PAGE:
It is important to note that while the present invention has been described in the context of a fully functioning data processing system, those of ordinary skill in the art will appreciate that the processes of the present invention are capable of being distributed in the form of a computer readable medium of instructions and a variety of forms and that the present invention applies equally regardless of the particular type of signal bearing media actually used to carry out the distribution. Examples of computer readable media include recordable-type media, such as a floppy disk, a hard disk drive, a RAM, CD-ROMs, DVD-ROMs, and transmission-type media, such as digital and analog communications links, wired or wireless communications links using transmission forms, such as, for example, radio frequency and light wave transmissions. The computer readable media may take the form of coded formats that are decoded for actual use in a particular data processing system.
The description of the present invention has been presented for purposes of illustration and description, and is not intended to be exhaustive or limited to the invention in the form disclosed. Many modifications and variations will be apparent to those of ordinary skill in the art. The embodiment was chosen and described in order to best explain the principles of the invention, the practical application, and to enable others of ordinary skill in the art to understand the invention for various embodiments with various modifications as are suited to the particular use contemplated.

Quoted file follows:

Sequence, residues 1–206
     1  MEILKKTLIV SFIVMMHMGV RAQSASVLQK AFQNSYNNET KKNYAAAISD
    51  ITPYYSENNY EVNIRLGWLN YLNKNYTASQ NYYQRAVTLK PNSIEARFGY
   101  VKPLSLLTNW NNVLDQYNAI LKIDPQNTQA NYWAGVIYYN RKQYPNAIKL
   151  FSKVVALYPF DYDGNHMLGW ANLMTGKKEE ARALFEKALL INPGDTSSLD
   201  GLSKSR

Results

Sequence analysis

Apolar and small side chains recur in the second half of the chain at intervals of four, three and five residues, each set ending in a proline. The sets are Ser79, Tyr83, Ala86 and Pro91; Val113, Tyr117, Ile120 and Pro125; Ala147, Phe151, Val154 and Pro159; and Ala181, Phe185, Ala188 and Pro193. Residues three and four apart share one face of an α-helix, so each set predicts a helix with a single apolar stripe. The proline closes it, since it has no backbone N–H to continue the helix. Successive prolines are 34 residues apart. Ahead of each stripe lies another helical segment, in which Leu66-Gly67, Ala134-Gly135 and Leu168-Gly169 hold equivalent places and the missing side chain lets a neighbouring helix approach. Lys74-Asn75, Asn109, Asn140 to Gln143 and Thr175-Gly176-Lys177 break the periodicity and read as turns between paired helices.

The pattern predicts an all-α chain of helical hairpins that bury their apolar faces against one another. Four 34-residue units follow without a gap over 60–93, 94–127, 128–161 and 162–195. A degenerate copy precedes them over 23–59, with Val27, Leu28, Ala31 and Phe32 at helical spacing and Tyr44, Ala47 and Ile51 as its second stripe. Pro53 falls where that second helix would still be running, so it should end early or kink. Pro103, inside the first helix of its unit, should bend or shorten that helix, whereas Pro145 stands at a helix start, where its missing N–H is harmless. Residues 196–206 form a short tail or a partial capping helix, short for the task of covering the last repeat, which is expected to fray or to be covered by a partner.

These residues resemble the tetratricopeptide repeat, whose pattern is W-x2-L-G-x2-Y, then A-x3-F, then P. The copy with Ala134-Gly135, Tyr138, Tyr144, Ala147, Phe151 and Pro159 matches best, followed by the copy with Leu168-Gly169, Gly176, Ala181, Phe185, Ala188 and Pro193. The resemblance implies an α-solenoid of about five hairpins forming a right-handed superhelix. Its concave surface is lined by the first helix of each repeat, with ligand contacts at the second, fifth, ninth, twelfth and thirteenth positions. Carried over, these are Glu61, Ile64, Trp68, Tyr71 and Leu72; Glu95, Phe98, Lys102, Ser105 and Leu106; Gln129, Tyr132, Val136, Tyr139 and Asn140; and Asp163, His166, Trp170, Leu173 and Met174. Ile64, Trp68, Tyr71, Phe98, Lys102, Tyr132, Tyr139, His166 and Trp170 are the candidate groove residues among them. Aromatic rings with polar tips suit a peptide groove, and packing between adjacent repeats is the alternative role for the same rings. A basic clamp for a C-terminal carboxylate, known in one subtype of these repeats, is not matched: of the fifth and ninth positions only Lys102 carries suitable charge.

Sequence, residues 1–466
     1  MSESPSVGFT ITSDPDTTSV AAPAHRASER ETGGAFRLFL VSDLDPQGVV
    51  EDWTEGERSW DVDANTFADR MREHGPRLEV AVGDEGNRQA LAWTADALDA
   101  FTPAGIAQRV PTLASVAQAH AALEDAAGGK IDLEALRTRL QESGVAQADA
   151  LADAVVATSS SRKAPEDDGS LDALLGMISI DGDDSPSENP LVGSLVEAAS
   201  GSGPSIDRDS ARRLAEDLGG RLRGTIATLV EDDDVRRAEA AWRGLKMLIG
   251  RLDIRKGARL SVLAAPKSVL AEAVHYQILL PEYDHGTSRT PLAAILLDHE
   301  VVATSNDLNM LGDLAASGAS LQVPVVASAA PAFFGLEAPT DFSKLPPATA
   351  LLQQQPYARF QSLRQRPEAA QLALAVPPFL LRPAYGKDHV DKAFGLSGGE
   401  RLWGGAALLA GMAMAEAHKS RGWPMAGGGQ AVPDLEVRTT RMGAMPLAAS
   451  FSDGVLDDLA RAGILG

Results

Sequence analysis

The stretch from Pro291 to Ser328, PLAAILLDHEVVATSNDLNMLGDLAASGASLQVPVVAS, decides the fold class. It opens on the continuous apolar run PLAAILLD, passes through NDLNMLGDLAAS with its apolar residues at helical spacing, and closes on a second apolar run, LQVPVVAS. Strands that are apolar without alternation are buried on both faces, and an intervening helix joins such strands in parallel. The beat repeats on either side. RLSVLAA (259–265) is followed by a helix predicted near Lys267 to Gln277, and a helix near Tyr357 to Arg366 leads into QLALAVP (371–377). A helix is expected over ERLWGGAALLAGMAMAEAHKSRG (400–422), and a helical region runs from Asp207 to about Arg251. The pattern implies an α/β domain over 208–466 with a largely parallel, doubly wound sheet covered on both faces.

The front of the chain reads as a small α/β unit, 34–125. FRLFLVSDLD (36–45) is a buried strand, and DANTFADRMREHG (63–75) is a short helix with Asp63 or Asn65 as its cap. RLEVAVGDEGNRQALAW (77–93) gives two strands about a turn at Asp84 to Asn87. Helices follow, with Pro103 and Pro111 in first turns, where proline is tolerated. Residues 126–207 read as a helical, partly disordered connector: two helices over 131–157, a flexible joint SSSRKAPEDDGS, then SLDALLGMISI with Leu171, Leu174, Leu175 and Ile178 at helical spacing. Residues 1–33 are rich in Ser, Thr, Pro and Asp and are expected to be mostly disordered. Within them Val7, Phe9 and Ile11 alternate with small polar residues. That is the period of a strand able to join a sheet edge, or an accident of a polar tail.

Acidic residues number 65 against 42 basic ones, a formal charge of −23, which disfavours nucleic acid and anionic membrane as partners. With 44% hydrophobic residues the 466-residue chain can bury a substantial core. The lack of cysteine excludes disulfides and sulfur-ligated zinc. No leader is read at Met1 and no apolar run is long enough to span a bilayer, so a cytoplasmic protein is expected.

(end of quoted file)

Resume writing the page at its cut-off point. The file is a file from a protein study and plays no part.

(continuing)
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|U.S. Classification||717/120, 717/175, 717/176|
|International Classification||G06F9/445, G06F9/44|
|Apr 20, 2005||AS||Assignment|
Owner name: INTERNATIONAL BUSINESS MACHINE CORPORATION, NEW YO
Free format text: ASSIGNMENT OF ASSIGNORS INTEREST;ASSIGNORS:CHILDRESS, RHONDA L.;CRAWFORD, CATHERINE HELEN;KUMHYR, DAVID BRUCE;AND OTHERS;REEL/FRAME:016114/0187;SIGNING DATES FROM 20050222 TO 20050329
|Nov 2, 2010||CC||Certificate of correction|
|Jul 19, 2013||REMI||Maintenance fee reminder mailed|
|Dec 8, 2013||LAPS||Lapse for failure to pay maintenance fees|
|Jan 28, 2014||FP||Expired due to failure to pay maintenance fee|
Effective date: 20131208